Colin Rivers: Reflections on 50 years at the Waite

2017 marks 50 years since Colin Rivers, Technical Officer with the Fertiliser Technology Research Centre (FTRC), started here at the Waite.

His passion for his work is amazing. Over the years, Colin has enjoyed helping hundreds of postgraduate students with their studies, has a dogged determination to solve problems and in recent years has produced many new laboratory granulated fertilizer formulations for the FTRC.

We invited Colin to reflect on his 50 years at the Waite.


Before starting at the Waite, the majority of my working career was spent in the family market garden at Brighton. We were significant growers of cucumbers for the SA market, predominately grown in glasshouses and very labour intensive.

I always had an interest in agriculture and enjoyed occasional visits to the Waite Campus during my time at Urrbrae Agricultural High School. In 1967 I rang the Waite and enquired about a job. The switchboard indicated there were a number of positions available and I was put through to a Mr Barley, whose name sounded a bit unusual, but he was a real person.

Aerial view of the Waite campus, 1970. Image, University of Adelaide Archives Note that only half of the Waite building existed and very few of the existing buildings today were present. Colin has seen some big changes during his time at the Waite!

I began working in the Department of Agronomy in February 1967. My colleagues included Kelvin Powrie, who pioneered the trace element work in the South East, Keith Barley, Angus Alston and Robin Graham. My roles were many and varied, ranging from large-scale field trials to fine-scale laboratory procedures, as well as organising student practicals.

The Waite had a significant number of farm staff and for field trials, it was not unusual to have 3 or more farm staff assisting with harvesting. Keith Barley’s and Angus Alston’s interests were in plant nutrition, the uptake of nitrogen and phosphorus and involved field trials, pot experiments, and solution culture. Robin Graham worked with trace elements. In the early years, I picked up a lot of engineering skills from Eric Leaney who was the first technician to be employed at the Waite in 1927.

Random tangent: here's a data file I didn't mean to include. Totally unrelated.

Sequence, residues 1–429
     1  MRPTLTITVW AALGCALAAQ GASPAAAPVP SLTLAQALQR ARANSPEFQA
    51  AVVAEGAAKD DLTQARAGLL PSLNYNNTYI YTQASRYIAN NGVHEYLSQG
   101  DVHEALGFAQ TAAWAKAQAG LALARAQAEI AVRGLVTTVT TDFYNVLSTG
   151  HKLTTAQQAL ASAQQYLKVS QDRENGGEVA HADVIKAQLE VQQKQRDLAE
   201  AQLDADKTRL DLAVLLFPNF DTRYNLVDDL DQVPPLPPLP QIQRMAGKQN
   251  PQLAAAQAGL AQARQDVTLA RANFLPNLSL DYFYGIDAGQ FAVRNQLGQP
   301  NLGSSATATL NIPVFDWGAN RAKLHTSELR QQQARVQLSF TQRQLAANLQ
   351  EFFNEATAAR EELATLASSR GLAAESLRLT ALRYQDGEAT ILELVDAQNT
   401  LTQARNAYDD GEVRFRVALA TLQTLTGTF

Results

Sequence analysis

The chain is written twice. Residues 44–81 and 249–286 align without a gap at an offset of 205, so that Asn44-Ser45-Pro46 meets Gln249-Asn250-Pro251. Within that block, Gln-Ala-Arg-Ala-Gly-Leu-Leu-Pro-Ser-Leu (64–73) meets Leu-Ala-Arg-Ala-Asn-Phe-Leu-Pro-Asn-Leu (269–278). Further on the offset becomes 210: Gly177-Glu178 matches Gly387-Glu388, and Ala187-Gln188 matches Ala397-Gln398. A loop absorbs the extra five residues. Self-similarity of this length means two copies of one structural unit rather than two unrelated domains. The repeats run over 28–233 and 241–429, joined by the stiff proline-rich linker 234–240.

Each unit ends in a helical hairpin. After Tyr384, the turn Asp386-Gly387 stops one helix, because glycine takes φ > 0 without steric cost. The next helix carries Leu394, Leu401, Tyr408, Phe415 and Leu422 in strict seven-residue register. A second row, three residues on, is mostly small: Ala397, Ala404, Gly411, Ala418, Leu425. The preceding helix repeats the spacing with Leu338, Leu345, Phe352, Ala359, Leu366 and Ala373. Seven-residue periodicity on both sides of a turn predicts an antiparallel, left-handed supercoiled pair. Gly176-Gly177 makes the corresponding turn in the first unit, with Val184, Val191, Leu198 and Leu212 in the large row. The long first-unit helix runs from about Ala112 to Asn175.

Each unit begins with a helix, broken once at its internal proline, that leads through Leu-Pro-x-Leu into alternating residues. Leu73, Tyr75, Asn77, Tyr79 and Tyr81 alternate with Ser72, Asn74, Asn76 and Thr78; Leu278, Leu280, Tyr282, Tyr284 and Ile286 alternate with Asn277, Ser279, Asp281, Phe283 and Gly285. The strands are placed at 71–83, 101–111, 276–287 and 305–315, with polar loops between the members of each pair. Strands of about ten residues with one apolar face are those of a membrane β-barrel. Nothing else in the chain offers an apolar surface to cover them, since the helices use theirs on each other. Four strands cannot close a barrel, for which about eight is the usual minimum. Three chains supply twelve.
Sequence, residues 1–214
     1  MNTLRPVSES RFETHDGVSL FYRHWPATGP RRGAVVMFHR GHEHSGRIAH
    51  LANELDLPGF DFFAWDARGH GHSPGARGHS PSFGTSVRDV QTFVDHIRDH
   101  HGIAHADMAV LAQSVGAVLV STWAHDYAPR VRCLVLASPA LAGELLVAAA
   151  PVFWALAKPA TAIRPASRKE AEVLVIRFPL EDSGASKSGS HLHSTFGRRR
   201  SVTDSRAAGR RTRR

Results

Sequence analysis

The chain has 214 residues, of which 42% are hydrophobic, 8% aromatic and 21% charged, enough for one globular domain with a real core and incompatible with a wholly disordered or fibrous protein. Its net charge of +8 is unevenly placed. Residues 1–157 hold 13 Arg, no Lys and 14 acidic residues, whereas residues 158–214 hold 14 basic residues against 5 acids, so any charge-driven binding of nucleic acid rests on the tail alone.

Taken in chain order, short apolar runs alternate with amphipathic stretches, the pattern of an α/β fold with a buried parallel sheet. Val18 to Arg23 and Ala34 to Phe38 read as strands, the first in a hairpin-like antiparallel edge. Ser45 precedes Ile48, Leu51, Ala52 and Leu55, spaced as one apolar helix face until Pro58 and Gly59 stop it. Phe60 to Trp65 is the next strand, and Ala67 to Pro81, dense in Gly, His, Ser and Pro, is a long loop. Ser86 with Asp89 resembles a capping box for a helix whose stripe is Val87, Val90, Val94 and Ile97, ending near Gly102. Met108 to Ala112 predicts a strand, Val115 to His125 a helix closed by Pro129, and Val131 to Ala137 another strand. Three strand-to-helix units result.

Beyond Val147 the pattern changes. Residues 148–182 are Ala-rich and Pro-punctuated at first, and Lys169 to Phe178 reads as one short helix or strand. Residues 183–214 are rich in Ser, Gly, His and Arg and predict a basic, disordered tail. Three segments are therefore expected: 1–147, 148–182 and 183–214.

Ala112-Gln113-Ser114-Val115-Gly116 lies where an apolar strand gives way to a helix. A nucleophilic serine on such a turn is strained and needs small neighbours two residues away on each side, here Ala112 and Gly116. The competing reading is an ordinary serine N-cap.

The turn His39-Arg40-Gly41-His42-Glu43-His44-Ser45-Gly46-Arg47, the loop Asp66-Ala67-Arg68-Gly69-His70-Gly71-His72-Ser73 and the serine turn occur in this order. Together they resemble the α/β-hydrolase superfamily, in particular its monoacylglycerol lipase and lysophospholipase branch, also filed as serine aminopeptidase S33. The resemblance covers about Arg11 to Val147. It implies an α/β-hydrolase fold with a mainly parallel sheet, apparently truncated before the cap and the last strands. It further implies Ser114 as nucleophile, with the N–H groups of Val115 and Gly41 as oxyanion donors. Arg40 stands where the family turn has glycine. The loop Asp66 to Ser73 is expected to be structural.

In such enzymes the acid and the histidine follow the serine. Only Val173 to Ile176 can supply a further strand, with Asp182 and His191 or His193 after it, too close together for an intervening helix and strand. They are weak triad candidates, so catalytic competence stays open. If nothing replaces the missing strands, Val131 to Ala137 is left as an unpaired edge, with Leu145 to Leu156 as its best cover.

When the Department of Soil Science was formed in 1979, I became Lab Manager for a while, however, when the opportunity arose to work in research again I took it and continued working with Angus Alston until his retirement.

In 1989, I took leave for 6 months and worked in Yunnan Province in China, setting up a research laboratory for a large pasture improvement program. The Tiananmen Square protests occurred while I was there, which made the trip even more interesting. At that time there was a large Chinese movie production about the American Flying Tigers of World War 2 based in Kunming. As a consequence of the protests, most Westerners had left and I was asked to perform, for a week or so, as a World War 2 pilot. Unfortunately, I have never been able to track down the movie.

Since 2011 I have worked with Mike McLaughlin’s fertilizer research group developing new fertilizers and improving existing ones. The 50 years of working in labs certainly help in resolving experimental techniques and problems.

The research team is a multicultural and multi-generational group that has come up with some quite innovative ideas.  We have increased the availability of Zn in fertilizers and we have extended the access of boron and sulphur to plants over the growing season resulting in 3 international patents.

Colin Rivers in 1967, soon after starting at the Waite

The Waite has been a great place to work. I have worked on a very large number of research projects involving multiple experiments and techniques. Each has had its own unique problems and the challenges of solving those problems have been very satisfying.  I can understand why many research workers become deeply involved in, and committed to, their work.

On the personal side. I have made, and continue to make, many enduring friends from all over the world. I enjoy helping overseas students when they start their PhDs.

As captain of the Fertiliser Mafia Bocce Team, we have a firm grip on the Peter Waite Day Bocce Cup as back-to-back winners for the last 2 years.

I have been active in sports all my life and started competing in Surf lifesaving competitions in 1959. It wasn’t easy winning medals in the 1960s, but now in 2017 the competition has dropped off and I’m now winning!


 

Congratulations to Colin on this milestone from all at the Waite!

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